Eco-tourism hasn't yet taken root in Taiwan, but for the Atayal tribe of Hsinchu County's Smangus (司馬庫斯) the roots were put down some 2,500 years ago -- a grove of Formosan cypress trees that spent its first two millennia in utter isolation has become something of an economic boon for the remote Aboriginal village since being discovered in 1991.
\nThe grove stands silently beside a stream high in the mountains near Tapachienshan, the mountain sacred to the Atayal as their place of origin, which graces the back of NT$500 notes. The trees are not only among the oldest on the island, they're among the biggest. According to a 1996 report by Taiwan's Forestry Bureau, the grove is home to the nation's second and third largest trees, respectively 20.5m and 19.7m in girth.
\nNo wonder then that these giants are known in Chinese as divine trees (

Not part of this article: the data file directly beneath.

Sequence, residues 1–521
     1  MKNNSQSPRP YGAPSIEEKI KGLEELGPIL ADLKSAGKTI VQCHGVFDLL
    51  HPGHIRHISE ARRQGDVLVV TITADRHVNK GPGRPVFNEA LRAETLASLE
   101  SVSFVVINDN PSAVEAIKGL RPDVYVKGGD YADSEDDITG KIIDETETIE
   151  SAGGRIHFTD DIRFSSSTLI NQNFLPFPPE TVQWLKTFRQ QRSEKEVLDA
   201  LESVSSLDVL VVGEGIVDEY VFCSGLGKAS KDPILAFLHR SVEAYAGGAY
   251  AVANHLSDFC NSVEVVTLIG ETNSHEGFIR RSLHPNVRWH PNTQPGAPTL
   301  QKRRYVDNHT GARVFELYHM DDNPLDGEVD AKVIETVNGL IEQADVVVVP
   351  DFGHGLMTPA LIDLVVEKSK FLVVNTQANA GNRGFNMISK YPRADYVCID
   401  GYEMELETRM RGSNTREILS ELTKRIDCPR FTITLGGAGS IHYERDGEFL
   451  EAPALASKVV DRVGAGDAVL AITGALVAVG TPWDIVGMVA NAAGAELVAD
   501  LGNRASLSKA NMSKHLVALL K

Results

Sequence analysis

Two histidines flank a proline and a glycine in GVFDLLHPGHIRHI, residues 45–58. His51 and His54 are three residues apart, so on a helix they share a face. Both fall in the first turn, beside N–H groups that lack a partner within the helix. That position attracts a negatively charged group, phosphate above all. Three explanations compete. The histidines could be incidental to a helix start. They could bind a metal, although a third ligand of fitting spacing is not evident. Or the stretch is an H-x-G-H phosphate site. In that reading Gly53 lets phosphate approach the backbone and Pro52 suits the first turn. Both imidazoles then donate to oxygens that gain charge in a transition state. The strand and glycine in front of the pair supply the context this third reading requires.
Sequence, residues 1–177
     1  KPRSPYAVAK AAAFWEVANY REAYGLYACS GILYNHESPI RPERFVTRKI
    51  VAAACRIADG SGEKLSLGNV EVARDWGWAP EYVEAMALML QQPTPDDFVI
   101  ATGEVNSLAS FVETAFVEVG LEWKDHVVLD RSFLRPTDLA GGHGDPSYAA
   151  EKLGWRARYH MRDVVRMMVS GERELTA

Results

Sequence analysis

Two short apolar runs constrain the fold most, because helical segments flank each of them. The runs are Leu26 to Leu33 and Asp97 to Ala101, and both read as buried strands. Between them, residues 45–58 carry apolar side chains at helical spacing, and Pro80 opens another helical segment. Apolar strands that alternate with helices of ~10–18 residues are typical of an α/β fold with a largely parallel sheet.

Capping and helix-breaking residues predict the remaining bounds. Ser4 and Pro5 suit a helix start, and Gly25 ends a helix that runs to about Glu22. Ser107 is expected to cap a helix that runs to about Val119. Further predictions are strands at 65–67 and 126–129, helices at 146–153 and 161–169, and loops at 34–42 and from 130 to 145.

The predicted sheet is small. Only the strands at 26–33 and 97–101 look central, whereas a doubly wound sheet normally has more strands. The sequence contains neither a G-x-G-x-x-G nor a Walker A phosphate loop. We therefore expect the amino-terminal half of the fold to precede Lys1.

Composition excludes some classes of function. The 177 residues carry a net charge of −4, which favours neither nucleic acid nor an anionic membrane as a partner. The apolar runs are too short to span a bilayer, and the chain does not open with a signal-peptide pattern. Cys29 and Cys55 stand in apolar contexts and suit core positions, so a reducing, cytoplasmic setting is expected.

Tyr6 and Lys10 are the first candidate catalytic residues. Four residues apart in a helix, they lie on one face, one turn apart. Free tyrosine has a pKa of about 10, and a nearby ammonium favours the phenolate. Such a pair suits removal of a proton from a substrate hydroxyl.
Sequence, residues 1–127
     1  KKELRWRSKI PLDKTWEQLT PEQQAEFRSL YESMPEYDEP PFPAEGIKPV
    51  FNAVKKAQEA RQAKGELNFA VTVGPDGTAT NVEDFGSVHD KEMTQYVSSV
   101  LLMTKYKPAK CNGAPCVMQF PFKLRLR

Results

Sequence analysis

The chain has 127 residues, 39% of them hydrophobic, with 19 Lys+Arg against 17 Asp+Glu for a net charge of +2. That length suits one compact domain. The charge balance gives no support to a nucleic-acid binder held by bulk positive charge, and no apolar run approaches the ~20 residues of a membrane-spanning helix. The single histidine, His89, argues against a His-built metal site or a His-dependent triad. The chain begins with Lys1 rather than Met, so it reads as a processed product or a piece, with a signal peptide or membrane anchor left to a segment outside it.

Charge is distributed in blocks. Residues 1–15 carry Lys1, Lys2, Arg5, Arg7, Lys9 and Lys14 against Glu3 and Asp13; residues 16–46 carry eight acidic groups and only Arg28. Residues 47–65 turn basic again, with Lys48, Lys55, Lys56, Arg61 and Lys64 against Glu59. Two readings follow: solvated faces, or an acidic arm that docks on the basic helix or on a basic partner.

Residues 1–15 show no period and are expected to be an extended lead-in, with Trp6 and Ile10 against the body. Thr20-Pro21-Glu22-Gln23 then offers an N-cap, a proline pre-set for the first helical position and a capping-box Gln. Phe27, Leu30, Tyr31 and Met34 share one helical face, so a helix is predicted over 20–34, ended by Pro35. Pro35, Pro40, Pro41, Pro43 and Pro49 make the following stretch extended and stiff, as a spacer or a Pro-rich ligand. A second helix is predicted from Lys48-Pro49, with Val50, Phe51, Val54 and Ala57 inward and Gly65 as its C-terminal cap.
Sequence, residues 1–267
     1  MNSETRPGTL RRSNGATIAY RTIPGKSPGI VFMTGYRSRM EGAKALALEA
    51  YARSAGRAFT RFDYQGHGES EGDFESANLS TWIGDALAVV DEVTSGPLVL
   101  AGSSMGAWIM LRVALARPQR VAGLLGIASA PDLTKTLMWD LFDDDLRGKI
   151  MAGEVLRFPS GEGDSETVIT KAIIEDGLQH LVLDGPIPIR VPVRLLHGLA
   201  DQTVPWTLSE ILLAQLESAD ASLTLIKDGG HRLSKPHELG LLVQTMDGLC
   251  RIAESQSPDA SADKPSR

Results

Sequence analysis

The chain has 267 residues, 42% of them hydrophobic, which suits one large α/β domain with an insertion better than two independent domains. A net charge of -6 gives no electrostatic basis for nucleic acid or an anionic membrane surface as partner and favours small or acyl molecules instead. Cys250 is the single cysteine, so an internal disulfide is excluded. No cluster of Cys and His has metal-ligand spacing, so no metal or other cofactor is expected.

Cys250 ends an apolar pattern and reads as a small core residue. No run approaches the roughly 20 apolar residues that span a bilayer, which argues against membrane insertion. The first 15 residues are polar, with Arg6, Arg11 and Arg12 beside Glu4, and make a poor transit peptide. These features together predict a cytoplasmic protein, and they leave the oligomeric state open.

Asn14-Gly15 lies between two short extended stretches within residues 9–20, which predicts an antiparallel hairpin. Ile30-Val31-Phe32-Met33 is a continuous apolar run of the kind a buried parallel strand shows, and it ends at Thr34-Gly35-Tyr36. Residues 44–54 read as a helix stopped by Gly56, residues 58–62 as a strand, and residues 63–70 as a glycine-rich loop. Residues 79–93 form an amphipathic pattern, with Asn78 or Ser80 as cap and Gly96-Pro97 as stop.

PHOTO: DAVID MOMPHARD, TAIPEI TIMES
I sat down this week for a chat with Taiwan Internet stalwart T. H. Schee (徐子涵, @scheeinfo on Twitter). Schee’s career for the last two decades has been focused on Internet and public policy in Taiwan. At 24, in 2002, Schee became project manager at Yam.com for blogs. Since then he has been involved in the digital transformation of Taiwan, consulting for and participating on government, academic and private organizations and panels. He has built up a reputation for his work on the intersection of Internet and public policy. Schee was invited to a UN expert council in 2011 based
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